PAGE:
Offer something different, something better, whether subtly or overtly, whether obvious or not, but don’t just sit there–do something, in obedience to what God requires of you, yes, of course. But I’m sure the Almighty would agree that you need to create something better, something God has given you to make!

And Christian readers, maybe you ought to seek out Christian writers, ones that have messages that reinforce or help illustrate what you believe. Maybe you ought to show those Christians creators some loyalty with the money you spend on entertainment. Instead of paying money by the fistful for ordinary franchises like Star Wars or Star Trek, while offering relative pennies to fellow Christian writers. Yes, feel free to seek out the best ones who have done the work to master their craft, but do seek them out and support them with money, so they see a reward for their labor. (And don’t assume up front that if someone is labeling a work as “Christian fiction,” or even if it isn’t labeled that way but a Christian wrote it, it therefore must be bad!)

The spiritual war is not fictional. In reality it has a lot to do with ideas, true and false ones, ones pointing in the direction of righteousness and others towards sin. Ideas are part of the structure of stories, whether hidden in the background or up-front and central to a tale, though what we make of the ideas in personal associations matters as much, perhaps even more, than the ideas themselves. But since ideas can be true or false or good or evil in absolute terms (and yes, some shades of gray in between), it makes sense to confront the wrong in the entertainment we consume and to celebrate what is good. But even more, it makes sense for us to produce works that are built out of true and good ideas as best we are able to build them. And support other creators who are already doing it!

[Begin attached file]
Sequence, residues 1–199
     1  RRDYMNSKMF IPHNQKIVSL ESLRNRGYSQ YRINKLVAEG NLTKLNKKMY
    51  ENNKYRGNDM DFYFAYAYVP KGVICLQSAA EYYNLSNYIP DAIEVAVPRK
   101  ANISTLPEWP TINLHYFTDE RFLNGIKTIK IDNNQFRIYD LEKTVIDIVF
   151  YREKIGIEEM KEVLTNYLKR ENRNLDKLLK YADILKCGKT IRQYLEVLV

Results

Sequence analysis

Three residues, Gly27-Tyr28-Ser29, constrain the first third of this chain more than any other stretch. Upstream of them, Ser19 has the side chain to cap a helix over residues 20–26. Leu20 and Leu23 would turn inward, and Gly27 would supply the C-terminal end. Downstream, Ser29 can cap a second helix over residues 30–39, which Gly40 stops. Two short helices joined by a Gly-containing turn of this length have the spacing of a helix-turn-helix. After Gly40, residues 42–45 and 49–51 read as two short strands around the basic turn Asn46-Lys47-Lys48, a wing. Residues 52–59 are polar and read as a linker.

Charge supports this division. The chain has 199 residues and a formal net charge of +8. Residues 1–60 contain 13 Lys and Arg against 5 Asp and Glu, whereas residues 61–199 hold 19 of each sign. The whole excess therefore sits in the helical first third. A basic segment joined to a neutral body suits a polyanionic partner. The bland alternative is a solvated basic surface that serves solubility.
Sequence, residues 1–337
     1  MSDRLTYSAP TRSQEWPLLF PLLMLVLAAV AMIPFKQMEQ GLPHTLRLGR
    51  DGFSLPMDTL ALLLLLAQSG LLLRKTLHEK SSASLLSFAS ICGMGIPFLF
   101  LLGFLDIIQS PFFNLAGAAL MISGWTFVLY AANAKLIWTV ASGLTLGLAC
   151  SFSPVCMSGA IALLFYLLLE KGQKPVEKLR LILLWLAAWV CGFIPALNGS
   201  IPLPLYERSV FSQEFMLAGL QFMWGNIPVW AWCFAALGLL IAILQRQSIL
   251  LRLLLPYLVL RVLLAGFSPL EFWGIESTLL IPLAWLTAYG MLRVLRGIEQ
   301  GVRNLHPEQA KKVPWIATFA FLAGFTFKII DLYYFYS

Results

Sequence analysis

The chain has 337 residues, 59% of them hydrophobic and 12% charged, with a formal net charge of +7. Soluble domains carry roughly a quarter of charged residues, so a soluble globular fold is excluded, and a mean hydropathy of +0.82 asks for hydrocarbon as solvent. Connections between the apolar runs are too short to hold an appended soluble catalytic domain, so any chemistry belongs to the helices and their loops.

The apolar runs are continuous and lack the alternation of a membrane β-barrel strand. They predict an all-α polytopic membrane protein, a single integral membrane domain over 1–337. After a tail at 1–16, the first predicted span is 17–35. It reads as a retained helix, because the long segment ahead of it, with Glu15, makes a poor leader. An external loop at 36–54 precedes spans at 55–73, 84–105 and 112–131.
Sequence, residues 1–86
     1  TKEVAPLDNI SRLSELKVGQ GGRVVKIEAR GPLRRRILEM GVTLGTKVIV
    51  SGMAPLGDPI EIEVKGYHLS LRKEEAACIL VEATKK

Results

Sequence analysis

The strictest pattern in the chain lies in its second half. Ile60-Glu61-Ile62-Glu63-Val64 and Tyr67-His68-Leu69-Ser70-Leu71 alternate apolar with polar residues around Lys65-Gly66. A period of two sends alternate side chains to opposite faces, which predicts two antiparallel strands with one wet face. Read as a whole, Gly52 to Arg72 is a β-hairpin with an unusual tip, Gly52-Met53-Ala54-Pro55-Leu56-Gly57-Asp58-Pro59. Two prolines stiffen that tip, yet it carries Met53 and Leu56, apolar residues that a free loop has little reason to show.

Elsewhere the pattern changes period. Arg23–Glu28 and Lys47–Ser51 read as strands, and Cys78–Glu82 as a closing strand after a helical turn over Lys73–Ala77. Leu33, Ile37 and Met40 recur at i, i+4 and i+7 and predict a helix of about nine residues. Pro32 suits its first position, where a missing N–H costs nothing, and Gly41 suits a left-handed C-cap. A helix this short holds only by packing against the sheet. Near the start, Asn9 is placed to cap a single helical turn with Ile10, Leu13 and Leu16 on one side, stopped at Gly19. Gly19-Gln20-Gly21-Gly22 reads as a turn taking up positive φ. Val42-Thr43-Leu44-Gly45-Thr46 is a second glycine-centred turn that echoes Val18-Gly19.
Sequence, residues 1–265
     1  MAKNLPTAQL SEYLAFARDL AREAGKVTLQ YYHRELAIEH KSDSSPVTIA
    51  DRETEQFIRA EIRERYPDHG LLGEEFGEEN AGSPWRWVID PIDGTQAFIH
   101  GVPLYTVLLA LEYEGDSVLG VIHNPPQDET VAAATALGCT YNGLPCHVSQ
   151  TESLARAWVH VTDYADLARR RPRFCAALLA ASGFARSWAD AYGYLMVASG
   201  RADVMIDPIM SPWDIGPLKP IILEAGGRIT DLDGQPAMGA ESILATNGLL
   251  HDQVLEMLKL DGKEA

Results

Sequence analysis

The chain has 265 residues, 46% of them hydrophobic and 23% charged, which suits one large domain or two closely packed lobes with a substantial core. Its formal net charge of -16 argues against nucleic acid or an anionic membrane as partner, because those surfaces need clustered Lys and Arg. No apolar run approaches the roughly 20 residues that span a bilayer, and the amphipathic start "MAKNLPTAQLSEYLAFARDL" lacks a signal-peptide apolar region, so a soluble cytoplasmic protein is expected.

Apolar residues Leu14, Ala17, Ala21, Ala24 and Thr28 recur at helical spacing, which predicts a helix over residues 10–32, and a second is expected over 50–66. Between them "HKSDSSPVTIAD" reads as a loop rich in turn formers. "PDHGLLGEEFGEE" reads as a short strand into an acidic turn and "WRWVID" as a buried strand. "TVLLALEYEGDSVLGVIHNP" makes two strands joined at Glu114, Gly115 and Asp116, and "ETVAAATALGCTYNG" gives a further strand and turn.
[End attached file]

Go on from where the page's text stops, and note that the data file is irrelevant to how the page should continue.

That’s not a call for total isolation or separation but there is a point to separation to a degree. Not all works of creation have the same intended audience so some will wind up going back to a base, in effect creating a sub-genre. Creating sub-genres is fine and even necessary at times, but by no means are Christian creators limited to that.

So what do you think, readers? I don’t think I’m pearl-clutching here or tilting at windmills. The spiritual war is real; it’s about ideas; it’s in our entertainment; I say we need to fight, both in what we write and by showing loyalty to certain fellow-creators. What do you say?

Travis Perry is a hard-core Bible user, history, science, and foreign language geek, hard science fiction and epic fantasy fan, publishes multiple genres of speculative fiction at Bear Publications, is an Army Reserve officer with five combat zone deployments. He also once cosplayed as dark matter.
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  1. notleia, untrue Scotsman says:

    Off topic: Watched more Enterprise. So far it’s still not remarkable, but it’s okay enough. I have it on in the background when I’m doing other stuff around the house. Yay Phlox is absolutely not as annoying as Neelix.